1-24 The First Twenty-Four
25-48 The Second Twenty-Four
49-72 The Third Twenty-Four
73-96 The Fourth Twenty-Four
97-120 The Fifth Twenty-Four
121-on The Sixth Set
121 TV Shows That Never Were - 3
122 Genealogy Kicks - 2
123 TV Shows That Never Were - 4
124 From Land to Lindbergh
125 Pono In Dreamland - I
126 Pono In Dreamland - II
PONO IN DREAMLAND - II
Although my experiences in Dreamland centered around the Sprites and this P-gram has more of that, other aspects of Bar Harbor (BH), Maine are also unique. A few pics here serve to introduce the area, but you really have to see it for yourselves. Pardon an informational commercial: visit www.DerbyLaneCottage.com.
Apparently old age makes one a lot more conservative. And the generational difference is quite noticeable. On this day, I started out attempting to keep the kids off the stepladder, modified that to keeping them at lower levels, and ended up with no limits, based on parental approval. All I could do was check for safe placement of the ladder and perform watchful oversight. Clover comforted me.
Mount Desert Island (MDI) is the location of Bar Harbor. After a number of trips to MDI, I tend to think of the island as one gigantic rock! Now, I don’t even pretend to be a geologist, but I see all kinds of rocks on the island and I chatted with Courtney about them. Based on that chat, Courtney arranged a tour for me.
We saw raw formations on the seashore and the summit of Cadillac Mountain, quarried rock structures (formal walls, buildings, piers and bridges), and what is probably the majority of rocks – quarry and road construction leftovers that are liberally distributed as informal borders, gardens, decorations, fill, etc. MDI is truly made of rock.
JR and Courtney’s garage parking area is bordered by several tons of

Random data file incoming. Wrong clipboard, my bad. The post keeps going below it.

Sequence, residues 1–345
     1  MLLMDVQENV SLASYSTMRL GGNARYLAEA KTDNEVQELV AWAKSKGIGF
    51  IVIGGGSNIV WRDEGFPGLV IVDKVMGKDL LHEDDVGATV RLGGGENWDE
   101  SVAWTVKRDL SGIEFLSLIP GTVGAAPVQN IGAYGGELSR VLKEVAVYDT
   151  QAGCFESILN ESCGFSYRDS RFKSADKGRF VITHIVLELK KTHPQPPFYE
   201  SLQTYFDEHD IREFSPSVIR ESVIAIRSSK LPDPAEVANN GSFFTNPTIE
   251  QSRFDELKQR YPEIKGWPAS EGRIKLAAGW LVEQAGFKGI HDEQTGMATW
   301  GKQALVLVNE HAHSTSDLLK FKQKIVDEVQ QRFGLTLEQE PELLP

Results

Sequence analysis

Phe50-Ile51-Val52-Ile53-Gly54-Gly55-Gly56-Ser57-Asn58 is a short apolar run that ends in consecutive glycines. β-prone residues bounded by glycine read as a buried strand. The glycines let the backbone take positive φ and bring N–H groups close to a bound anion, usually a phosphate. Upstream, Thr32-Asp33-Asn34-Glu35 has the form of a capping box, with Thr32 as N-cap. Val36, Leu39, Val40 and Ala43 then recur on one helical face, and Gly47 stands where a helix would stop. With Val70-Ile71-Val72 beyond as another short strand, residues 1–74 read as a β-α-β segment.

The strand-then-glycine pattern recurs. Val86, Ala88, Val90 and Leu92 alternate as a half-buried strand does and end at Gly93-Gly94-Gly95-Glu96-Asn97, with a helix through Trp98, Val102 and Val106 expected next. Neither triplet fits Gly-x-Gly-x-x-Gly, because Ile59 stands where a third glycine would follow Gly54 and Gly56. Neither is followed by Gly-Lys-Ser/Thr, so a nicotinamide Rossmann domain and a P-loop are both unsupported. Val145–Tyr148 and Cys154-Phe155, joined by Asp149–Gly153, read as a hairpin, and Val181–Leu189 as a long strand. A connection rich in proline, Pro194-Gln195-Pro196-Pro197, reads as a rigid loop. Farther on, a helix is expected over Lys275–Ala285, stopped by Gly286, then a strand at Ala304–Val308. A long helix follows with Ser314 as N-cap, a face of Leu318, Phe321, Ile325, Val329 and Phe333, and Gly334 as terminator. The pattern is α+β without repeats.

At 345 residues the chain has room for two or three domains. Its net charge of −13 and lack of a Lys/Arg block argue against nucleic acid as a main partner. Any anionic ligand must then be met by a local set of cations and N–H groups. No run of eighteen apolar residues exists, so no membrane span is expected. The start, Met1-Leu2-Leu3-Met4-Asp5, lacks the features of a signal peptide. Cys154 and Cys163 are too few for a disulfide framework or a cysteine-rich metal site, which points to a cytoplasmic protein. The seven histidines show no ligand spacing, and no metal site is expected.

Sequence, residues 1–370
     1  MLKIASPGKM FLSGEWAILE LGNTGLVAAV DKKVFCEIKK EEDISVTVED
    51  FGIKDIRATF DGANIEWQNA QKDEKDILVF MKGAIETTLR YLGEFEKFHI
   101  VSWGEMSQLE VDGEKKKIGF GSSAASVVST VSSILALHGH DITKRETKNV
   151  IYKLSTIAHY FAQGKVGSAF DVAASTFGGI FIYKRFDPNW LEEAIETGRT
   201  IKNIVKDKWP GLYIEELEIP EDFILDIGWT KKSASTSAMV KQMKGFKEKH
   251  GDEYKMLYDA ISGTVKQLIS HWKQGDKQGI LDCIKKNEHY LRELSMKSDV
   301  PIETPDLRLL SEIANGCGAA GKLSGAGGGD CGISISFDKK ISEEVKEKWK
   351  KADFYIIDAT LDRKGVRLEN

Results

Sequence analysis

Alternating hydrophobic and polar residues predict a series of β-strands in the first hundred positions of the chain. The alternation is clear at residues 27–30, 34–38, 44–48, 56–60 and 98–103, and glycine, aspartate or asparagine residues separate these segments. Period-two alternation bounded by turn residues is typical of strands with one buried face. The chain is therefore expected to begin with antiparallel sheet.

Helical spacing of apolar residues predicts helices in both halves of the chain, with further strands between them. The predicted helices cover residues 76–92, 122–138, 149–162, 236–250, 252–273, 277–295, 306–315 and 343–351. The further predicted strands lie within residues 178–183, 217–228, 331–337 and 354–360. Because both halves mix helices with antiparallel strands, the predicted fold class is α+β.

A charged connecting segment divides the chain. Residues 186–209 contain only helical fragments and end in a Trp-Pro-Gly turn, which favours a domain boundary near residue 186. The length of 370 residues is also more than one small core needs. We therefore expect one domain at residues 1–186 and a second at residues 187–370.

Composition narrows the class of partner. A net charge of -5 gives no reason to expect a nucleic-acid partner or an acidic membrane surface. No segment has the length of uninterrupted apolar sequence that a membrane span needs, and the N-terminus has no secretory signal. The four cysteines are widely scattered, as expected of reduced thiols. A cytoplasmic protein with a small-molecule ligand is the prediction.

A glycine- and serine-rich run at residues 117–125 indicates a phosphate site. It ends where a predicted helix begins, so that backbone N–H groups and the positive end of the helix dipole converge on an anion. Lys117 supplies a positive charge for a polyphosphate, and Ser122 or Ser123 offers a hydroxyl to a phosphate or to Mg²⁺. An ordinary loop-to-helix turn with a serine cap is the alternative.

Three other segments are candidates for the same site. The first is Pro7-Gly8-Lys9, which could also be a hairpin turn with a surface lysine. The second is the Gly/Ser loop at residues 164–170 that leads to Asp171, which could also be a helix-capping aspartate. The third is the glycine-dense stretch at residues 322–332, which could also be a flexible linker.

granite. Their fire pit has another several tons arranged for seating.
All of these stones are covered with the markings of quarry activities – bore
holes, cracks, shaping attempts.
These layered formations are colorful and fascinating residents of the coast just a couple blocks from downtown BH.
Stone is a sturdy and long-lasting material for piers.
Roads around BH have miles and miles of roadway bordered with large stones close together. The feeling one gets is that on MDI, any and every excuse for the use of stone has been exploited!
Among many buildings constructed of local stone is the Administration Building for College of the Atlantic (COA) in BH. It was built in 1895, commonly called Turrets, and transferred to COA at the inception of the College in 1969. Note the informal stones around the driveway and the Sprites being unusually quiet.
Courtney cooks, cleans, is a care-giver, helps run the business and the family, but still finds time for a relaxing session of gymnastics.
Courtney, JR, Clover, Scarlet and Poppy by Duck Brook under the Bridge by that name in Acadia National Park.
In Acadia National Park on MDI, you’ll find more than 45 miles of carriage roads with 16 varied stone bridges built by John D. Rockefeller, Jr. This one is Duck Brook Bridge. It was built in 1929 and was undergoing repairs when we visited it. It boasts four viewing turrets.
Cadillac Mountain dominates MDI. The summit has acres and acres of stone bared and polished by the glacier and now preserved for visitors to enjoy. I walked over part of the summit and I think I found Cadillac’s heart-shaped navel.
Starting from the top, see the Atlantic Ocean, cruise ships, Bar Harbor, golf course, a patch of bare rocks occupied by JR and family sight-seeing, a patch of brush and more rocks. I was standing safely on a level path on the summit of Cadillac Mountain marveling at the scenery and the energy of youth.
I recognize that most of these pics are pretty amateurish (the ones that I took especially) but if they pique your curiosity, do spend some time on Google images or the like. You can see all 16 classic Rockefeller Bridges, all sides of Turrets during different time periods, views of and from Cadillac Mountain, Acadia National Park, COA, BH, MDI, etc.
You will have to furnish your own Sprites or just search for wild ones in the forests. Here’s your bonus of the tap dancing Sprites.